Turning 91 is a milestone in anyone’s book, but for the Miller Place-Mount Sinai Historical Society’s oldest trustee, it was a chance for the membership to show respect for someone who has long been helping to bridge the community’s past with its present.
Therese O’Connor was 91 July 19, and local residents and members of the MPMSHS drove past her home honking and cheering for the venerable community resident. She has been on the historical society board in some capacity since 1990, though she has been a dues-paying member of the Miller Place Historical Society since its founding in 1974 — the Mount Sinai name was added in 1982. Through the years, she has taken her hand to the spindle and has done spinning for the society’s annual fairs for the past 20 years.
Joining in the parade were area residents Thomas and Tricia McCarthy, who brought with them a decommissioned fire truck the husband has been repairing all on his own. It’s one bought out from its retirement last August, and though repairs are ongoing, he and his wife have joined a Facebook community group to participate in many birthday car parades over the past several months. Tom drives, while Tricia stands up top in a Dalmatian costume they call Sparky.
“All these kids were having birthday parties, and I thought you know what, let’s be goofy and make a couple of kids laugh, next thing you know we were getting messages,” Tricia McCarthy said. “They were asking how much it costs, and I just said, ‘Everybody has to smile,’ that’s the way we roll.”
Celebrating the day with her large extended family, O’Connor said she was surprised and delighted to see the cars roll by. She added that such times as these require people to commemorate anything that deserves it.
“Years ago when I taught deaf children, we were trying to figure out what to do for one of the speech teachers, and we never had enough good things to say about her,” the birthday girl said. “That always stuck in my mind, we have to celebrate the good things, especially today with so much going on.”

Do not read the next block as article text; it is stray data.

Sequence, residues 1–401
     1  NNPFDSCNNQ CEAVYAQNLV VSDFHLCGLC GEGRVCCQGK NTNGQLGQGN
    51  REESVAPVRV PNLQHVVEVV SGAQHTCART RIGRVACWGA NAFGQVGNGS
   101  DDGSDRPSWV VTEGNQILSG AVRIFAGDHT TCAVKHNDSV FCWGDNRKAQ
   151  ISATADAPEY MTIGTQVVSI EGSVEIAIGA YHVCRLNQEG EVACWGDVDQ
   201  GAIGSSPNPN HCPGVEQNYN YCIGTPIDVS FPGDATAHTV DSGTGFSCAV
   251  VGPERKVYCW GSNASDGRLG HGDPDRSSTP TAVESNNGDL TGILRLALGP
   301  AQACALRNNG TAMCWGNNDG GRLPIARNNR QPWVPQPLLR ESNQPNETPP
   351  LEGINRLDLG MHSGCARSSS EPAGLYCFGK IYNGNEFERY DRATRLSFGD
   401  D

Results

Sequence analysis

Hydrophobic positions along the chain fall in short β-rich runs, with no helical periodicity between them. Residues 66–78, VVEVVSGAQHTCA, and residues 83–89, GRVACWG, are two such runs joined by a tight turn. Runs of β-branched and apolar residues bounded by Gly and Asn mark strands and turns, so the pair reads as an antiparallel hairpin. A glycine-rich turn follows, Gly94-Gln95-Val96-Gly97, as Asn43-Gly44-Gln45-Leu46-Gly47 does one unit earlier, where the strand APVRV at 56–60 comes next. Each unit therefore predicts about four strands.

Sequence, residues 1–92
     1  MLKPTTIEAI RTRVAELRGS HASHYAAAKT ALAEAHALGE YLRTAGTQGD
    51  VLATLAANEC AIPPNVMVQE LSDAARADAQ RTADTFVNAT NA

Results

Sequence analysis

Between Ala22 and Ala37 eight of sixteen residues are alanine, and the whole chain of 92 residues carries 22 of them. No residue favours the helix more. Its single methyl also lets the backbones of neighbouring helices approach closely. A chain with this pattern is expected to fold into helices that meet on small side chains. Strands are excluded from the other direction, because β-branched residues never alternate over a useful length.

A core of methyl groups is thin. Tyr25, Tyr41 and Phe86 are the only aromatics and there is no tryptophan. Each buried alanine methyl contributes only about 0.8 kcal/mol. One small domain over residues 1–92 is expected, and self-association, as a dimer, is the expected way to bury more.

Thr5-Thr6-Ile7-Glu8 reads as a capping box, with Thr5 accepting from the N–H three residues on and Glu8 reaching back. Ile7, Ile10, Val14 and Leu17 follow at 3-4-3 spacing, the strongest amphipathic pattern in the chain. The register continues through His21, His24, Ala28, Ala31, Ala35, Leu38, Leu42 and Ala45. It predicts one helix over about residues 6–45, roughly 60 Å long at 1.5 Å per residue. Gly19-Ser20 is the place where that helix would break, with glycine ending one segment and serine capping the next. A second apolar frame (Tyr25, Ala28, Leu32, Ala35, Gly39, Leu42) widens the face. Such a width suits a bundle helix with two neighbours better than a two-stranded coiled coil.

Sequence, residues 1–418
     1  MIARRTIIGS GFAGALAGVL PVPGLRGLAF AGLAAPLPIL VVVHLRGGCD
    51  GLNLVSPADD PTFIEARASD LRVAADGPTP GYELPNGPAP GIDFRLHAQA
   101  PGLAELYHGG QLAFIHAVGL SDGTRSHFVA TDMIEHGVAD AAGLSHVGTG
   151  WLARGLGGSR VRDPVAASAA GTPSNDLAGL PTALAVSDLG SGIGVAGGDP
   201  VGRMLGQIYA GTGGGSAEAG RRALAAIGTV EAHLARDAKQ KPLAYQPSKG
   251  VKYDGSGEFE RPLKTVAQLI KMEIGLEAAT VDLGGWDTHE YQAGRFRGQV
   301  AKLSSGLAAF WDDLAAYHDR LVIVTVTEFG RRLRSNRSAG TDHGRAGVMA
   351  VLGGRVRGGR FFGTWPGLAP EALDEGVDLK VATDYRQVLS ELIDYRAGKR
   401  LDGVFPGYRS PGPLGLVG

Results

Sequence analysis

The society has opened the circa 1720 William Miller House for private tours in Phase 4 of reopening for small groups by appointment at 631-476-5742. The MPMSHS is also developing virtual tours, and is looking to see if there are any volunteers who can offer guidance for such a project.
“This is all new to us, and we want to create quality professional style videos for schools, libraries, general public and the BOCES catalog where teachers look for quality field trips,” said historical society vice president Antoinette Donato.
Fundraising continues with opportunities to purchase an historic brick on the house’s walkway, vintage duplicated postcards, note cards of historic homes in the district and a keepsake coloring book. One can also donate to the restoration of the circa 1810 Daniel Hawkins House to be used for multiple community events.
The society is set to celebrate a special birthday of its own this year with the 300th anniversary of the William Miller House, and the society is composing a keepsake journal. Individuals have an opportunity to be included with an ad or personal friend inclusion at varying price levels. More info is available on the society’s website mpmshistoricalsociety.org.